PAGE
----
The speed with which the law for the concession was passed, the arbitrary decision to assign it to a single pre-designated company and the omission of the environment from the law’s wording raise serious doubts that, even if a serious environmental impact study were done, it would be taken into account.

There are other possible canal routes

The canal route through the Great Lake of Nicaragua is a relic of the glorious age of sail and steam ships that made it the Transit Route in the days of Commodore Vanderbilt. In those days the ships’ captains needed more skill, experience and daring but less water because their ships’ draft was much less. Nowadays it isn’t imperative to dig a canal across Lake Cocibolca; it would be much easier to open a trench on dry land of the size needed for ships with a deep draft.

Ever since the days when French engineers (Belly, 1858) studied the case, a route was proposed starting from the western port of El Realejo. More recently, one of the proponents for building a dry canal—an interoceanic railroad—proposed to construct this work northeast of Lake Cocibolca and east of Lake Xolotlán, coming out close to the port of Corinto.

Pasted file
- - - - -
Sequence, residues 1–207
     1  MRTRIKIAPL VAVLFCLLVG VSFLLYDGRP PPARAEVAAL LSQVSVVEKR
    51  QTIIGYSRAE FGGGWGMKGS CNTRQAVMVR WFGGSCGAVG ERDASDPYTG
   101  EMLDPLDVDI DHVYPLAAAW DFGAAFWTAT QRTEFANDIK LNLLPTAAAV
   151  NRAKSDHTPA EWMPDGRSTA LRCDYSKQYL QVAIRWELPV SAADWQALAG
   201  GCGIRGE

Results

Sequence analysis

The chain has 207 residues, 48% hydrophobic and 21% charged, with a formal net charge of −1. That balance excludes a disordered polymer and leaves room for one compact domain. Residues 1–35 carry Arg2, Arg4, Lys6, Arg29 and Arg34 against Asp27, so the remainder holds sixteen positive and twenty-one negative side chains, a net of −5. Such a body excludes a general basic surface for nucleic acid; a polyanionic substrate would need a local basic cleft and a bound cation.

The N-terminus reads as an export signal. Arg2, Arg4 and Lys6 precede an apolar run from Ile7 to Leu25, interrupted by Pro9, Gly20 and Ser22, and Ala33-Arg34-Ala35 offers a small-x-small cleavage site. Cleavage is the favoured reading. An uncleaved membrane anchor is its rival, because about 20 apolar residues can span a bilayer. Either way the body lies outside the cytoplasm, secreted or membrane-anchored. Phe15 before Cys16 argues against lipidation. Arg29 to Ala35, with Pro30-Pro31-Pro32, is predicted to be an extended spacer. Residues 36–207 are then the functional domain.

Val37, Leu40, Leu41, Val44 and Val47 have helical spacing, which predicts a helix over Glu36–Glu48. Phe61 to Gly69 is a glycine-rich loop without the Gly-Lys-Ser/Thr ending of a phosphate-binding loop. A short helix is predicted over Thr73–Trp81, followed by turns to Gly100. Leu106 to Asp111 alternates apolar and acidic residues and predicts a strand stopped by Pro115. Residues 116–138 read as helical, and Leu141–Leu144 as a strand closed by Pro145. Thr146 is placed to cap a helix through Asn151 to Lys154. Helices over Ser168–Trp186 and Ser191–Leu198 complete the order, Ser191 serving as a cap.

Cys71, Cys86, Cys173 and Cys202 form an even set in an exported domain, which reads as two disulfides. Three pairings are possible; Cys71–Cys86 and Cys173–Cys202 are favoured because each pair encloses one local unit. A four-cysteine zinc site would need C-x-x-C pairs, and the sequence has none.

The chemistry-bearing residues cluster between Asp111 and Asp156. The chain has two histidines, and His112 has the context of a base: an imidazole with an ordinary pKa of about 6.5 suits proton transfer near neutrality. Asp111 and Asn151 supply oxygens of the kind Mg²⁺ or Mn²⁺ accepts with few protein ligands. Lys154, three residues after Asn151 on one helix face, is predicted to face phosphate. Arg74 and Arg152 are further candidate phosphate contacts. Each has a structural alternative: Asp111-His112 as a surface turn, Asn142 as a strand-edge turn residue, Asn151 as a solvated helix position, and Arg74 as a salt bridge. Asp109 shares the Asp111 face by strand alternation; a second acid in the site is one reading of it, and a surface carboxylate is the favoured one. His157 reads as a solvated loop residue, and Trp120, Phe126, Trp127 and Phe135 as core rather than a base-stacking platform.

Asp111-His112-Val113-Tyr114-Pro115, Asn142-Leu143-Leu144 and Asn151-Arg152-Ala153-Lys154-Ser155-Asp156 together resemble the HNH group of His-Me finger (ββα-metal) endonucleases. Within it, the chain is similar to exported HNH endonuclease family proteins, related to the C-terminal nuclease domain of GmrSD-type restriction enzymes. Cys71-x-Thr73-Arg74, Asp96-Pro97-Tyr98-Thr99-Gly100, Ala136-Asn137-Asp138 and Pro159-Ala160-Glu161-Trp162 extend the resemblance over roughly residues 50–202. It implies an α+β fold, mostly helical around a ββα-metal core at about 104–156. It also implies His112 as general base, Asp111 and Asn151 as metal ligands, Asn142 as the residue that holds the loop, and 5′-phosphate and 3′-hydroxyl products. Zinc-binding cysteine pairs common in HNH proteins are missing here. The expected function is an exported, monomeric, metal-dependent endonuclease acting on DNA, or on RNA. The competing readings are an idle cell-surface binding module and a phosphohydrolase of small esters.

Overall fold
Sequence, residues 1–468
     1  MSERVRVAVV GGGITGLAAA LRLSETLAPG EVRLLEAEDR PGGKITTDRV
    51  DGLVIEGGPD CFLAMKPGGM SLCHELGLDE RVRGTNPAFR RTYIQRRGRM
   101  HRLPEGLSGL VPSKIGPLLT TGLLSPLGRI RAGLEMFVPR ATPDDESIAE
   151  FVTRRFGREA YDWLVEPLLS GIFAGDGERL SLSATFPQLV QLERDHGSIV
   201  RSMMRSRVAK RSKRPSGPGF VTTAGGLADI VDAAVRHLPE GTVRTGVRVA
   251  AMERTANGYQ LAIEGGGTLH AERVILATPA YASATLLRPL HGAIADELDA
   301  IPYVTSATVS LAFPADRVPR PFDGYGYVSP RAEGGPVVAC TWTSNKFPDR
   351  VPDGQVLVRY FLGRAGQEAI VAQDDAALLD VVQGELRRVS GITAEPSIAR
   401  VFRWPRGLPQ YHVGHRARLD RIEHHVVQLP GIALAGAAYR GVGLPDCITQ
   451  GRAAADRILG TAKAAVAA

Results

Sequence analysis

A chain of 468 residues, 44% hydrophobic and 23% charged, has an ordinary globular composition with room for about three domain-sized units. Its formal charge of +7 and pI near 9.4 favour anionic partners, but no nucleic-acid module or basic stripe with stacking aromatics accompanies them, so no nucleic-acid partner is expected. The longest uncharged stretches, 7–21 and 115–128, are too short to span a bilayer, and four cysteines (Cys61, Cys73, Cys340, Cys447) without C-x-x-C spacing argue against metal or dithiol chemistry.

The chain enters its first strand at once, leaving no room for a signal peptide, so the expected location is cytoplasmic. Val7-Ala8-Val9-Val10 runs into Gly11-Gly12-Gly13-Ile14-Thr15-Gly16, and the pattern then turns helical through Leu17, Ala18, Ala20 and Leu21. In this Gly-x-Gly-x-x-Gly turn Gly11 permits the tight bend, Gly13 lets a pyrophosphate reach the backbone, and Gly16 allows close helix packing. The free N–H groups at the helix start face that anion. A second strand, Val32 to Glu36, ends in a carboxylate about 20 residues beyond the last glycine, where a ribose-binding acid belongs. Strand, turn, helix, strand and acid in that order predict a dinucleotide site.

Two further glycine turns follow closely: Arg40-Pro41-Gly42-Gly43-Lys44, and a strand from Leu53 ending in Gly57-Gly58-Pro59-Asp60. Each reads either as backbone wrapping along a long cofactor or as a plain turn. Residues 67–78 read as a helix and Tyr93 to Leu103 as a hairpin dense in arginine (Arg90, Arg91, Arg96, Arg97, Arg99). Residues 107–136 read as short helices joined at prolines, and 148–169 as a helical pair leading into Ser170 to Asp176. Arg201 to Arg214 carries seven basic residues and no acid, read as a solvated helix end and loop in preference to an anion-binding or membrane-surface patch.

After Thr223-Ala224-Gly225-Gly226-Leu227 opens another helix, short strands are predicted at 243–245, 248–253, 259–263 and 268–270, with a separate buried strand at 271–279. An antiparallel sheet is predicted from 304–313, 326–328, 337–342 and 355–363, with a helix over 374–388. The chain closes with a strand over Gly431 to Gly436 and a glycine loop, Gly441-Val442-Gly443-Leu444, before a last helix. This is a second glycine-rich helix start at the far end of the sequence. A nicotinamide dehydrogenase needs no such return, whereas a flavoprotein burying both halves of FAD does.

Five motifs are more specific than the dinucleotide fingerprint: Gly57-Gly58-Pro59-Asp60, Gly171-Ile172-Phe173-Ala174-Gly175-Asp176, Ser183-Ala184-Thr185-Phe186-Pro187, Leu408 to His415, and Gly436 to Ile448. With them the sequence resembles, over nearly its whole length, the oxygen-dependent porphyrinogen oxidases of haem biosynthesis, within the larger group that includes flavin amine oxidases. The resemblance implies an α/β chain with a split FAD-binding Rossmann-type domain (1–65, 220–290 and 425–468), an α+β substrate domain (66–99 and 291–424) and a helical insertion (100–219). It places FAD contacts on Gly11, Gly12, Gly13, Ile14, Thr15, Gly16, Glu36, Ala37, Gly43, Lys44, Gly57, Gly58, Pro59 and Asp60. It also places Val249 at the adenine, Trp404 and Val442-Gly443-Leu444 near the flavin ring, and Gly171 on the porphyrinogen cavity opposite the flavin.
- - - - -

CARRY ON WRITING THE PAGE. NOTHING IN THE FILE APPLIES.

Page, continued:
This is still a possible solution for the interoceanic canal, following a route that starts at Monkey Point going close to but avoiding the northeastern coast of Lake Cocibolca, veering northwards, east of Lake Xolotlán, passing through the lowest point of the Maribios mountain range and coming out by Corinto or an extension of its port. That route would have the advantage of allowing for the construction of the interoceanic canal and, at the same time, retaining Lake Cocibolca as a source of drinking water. The lake would supply water for the canal without the ships having to pass through it. The canal could be supplied with water from both lakes via several canals with locks.

The environmental impact
won’t only be in Nicaragua

Not all the interoceanic canal’s environmental impacts will be limited to Nicaragua’s national territory. Marine and coastal-marine impacts will be regional because of the ocean currents, potentially affecting countries from Mexico to Colombia as well as those in the Caribbean Sea. The canal’s impact on freshwater will also be regional, potentially affecting Costa Rica through changing the navigability and the quality of water in the Río San Juan. Soil impact, through erosion and changes to that river, could also affect Costa Rica and even the canal itself by depositing sediment in both oceans potentially reaching to several neighboring countries.

The impact on biodiversity, especially on species and ecosystems, will be more national. However, at the genetic level it will impact countries with the same wildlife species as Nicaragua, since it will cut off latitudinal gene flow. Climate change, making synergy with several of these and other problems, will also be of regional interest.